With or Without You is an experimental photographic work that brings together issues of semiotics, geography and visual representation in terms of a re-examined 1965.
Teow Yue Han
Teow Yue Han is an interdisciplinary artist with a keen interest in gestures and interaction. Not confined to any medium, he seeks to explore Not confined to any medium, he seeks to explore the aesthetical residue of identity and the intersection between physicality and technology. He received the prestigious Art Elective Programme (AEP) Scholarship in 2004 and continued to exhibit his final year project at the 2007 AEP Exhibition held at NAFA. Yue Han graduated from NTU School of Art, Design and Media (ADM) in 2012 with a BFA in Digital Filmmaking. He has performed locally at Fetterfield, R.I.T.E.S., Night Festival 2010, NOW! and exhibited internationally in London and Beijing.
Yue Han reproduced Lee Kuan Yew’s announcement of the separation using individuals representing our four main ethnic groups. They re-enacted Lee’s groundbreaking speech, following closely the original words spoken. It was interesting to watch the responses of the public, which varied according to each video being shown. Some found certain parts of the video humourous and burst into laughter while others were remained serious throughout. Our Moment of Anguish interrogates the methodology employed by museums to represent national issues and history, and also reveals the gaps of representation in trying to invoke the same feelings as experienced in the past, in the present.
Artist’s statement: Our Moment of Anguish
Reflecting on the convergence of the ‘events’ and ‘personal’ paths during the final lap of the Singapore History Gallery journey, Our Moment of Anguish explores the disjunctures that occur as the individual relates to an event in the past. Having people from all walks of life re-enact and appropriate the famous moment in Singapore history where Lee Kuan Yew broke down as he announced the separation, the work questions the validity and significance of this famous footage in the consciousness of the contemporary present, and observes the changes in tone of interpretation as it is re-presented.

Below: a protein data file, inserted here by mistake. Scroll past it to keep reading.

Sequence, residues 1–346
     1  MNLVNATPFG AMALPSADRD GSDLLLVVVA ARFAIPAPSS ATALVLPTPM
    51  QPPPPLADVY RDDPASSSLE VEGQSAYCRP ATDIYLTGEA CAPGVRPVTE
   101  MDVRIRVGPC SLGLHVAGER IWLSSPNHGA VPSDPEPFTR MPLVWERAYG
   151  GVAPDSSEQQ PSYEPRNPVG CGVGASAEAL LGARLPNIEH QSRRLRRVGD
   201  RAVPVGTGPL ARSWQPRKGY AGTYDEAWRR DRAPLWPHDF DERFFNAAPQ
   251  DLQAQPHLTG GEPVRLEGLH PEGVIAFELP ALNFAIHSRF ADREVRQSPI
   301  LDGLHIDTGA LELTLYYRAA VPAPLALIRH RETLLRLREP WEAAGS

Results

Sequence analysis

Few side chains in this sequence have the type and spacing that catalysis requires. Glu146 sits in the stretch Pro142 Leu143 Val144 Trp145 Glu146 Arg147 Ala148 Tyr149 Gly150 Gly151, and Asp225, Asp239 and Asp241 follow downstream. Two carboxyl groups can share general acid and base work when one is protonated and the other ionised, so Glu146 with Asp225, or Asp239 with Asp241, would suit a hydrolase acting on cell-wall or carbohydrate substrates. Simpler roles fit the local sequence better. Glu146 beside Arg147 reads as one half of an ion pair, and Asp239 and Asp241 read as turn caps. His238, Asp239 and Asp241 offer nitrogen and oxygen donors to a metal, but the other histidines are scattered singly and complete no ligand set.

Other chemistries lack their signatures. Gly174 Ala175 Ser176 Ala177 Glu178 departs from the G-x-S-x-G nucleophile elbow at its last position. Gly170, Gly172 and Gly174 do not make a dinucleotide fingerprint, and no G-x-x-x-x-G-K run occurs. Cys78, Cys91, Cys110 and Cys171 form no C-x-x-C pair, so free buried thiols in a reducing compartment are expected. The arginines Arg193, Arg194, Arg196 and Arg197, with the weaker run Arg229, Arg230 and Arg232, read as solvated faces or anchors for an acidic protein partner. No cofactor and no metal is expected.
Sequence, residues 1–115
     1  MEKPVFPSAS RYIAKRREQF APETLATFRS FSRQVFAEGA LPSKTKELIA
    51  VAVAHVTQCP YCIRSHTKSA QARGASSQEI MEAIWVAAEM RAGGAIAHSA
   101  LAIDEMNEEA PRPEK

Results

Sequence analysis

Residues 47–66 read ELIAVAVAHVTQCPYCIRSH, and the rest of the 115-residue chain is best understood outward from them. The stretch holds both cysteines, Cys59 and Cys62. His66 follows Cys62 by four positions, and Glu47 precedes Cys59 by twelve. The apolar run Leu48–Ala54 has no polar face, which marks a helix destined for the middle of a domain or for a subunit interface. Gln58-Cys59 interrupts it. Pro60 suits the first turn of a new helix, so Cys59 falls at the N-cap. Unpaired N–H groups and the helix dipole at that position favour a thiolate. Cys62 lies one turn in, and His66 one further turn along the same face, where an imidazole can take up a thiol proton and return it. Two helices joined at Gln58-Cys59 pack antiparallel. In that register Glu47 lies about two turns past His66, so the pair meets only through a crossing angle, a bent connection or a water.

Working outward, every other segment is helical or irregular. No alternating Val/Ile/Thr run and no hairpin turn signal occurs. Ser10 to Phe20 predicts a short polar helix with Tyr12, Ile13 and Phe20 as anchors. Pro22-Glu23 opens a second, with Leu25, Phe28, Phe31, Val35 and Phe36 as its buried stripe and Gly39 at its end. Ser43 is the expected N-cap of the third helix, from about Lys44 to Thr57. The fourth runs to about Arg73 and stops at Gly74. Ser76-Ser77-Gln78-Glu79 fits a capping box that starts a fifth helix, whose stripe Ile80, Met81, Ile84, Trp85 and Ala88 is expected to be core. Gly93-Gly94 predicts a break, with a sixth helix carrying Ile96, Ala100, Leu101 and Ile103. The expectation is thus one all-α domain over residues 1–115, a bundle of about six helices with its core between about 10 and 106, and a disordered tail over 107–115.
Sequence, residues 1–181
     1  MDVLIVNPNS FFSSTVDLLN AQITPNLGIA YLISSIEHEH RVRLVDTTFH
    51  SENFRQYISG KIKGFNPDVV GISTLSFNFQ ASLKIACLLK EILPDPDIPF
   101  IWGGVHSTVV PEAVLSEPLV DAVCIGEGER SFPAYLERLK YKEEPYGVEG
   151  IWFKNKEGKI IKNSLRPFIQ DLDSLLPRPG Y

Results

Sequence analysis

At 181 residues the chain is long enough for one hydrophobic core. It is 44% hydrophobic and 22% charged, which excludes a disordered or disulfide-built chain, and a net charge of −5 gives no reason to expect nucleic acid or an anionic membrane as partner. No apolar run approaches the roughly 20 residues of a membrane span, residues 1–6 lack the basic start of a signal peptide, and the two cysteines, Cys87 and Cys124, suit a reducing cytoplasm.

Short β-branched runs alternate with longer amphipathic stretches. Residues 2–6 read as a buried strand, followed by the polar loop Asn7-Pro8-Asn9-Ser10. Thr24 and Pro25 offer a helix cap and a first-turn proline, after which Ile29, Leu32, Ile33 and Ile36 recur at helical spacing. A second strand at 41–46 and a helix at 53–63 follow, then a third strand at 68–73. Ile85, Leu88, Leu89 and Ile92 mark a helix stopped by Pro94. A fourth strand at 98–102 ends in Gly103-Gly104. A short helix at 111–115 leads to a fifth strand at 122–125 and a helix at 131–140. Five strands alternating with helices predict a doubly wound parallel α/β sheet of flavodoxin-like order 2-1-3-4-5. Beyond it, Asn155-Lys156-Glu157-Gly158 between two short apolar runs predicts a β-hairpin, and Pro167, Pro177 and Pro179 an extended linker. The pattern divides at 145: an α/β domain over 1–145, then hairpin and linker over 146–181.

Tse Hao Guang
Hao Guang is a writer interested in form and formation, quotation and creativity, lyrics and line breaks. His work has appeared or is forthcoming in Ceriph, Coast, QLRS, OF ZOOS, The Ayam Curtain, This City is a Strange Song, Microcosmos and LONTAR. He is involved in the Mentor Access Project under the guidance of Alvin Pang. A chapbook, hyperlinkage, is forthcoming from Math Paper Press. He can be found online at www.vituperation.wordpress.com.
Merging and Separating is a site-specific literary artwork that examines the educational textbook in its narration of national history. Purposefully written on a whiteboard, the artist created a poem using quotes from a myriad of sources, ranging from historical documents to lyrics from a song. Annotations are made to indicate the source of the quote. As a visual work, one sees a narrative literally formed by the merger and separation of words as the texts are extracted and recomposed into new sentences to form a different story, thus also symbolising the merger and separation of Singapore and Malaysia. It also suggests that the separation of these quotes easily renders the message of the text meaningless, and so pointing out the fragile nature of writing history.
Artist’s statement: Merging and Separating
Displayed on the whiteboard is “merging and separating”, a poem liberally interspersed with quotes from disparate sources, collectively commenting on the problem of looking back at and learning from 9 August 1965. At the same time, it describes the breakdown of a marriage between two history teachers. Proper attribution of sources is given through lines that link each quote to its author or speaker, cited in the margins.
It is hoped that viewers will come to appreciate the impossibility of pure objectivity and the inevitability of political intervention in learning. Just like Singapore, the quotes merge with the poem, separating from their original context, just as men and women come and go. Is this new text a work of art or is it a monstrous derivative? An academic endeavour, or a human relation? Both, perhaps.
We believe all learning objectives will be met.